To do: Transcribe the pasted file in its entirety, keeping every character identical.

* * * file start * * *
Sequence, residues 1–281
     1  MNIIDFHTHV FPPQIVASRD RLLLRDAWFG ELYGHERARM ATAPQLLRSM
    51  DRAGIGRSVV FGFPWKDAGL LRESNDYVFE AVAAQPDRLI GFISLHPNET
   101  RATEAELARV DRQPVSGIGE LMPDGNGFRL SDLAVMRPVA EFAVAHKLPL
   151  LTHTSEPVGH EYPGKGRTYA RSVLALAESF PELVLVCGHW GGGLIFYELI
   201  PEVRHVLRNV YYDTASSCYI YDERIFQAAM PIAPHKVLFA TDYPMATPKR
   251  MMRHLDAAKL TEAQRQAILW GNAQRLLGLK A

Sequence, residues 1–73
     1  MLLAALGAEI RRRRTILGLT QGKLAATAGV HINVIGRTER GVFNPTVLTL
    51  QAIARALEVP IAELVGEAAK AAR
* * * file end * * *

Sequence, residues 1–281
     1  MNIIDFHTHV FPPQIVASRD RLLLRDAWFG ELYGHERARM ATAPQLLRSM
    51  DRAGIGRSVV FGFPWKDAGL LRESNDYVFE AVAAQPDRLI GFISLHPNET
   101  RATEAELARV DRQPVSGIGE LMPDGNGFRL SDLAVMRPVA EFAVAHKLPL
   151  LTHTSEPVGH EYPGKGRTYA RSVLALAESF PELVLVCGHW GGGLIFYELI
   201  PEVRHVLRNV YYDTASSCYI YDERIFQAAM PIAPHKVLFA TDYPMATPKR
   251  MMRHLDAAKL TEAQRQAILW GNAQRLLGLK A

Sequence, residues 1–73
     1  MLLAALGAEI RRRRTILGLT QGKLAATAGV HINVIGRTER GVFNPTVLTL
    51  QAIARALEVP IAELVGEAAK AAR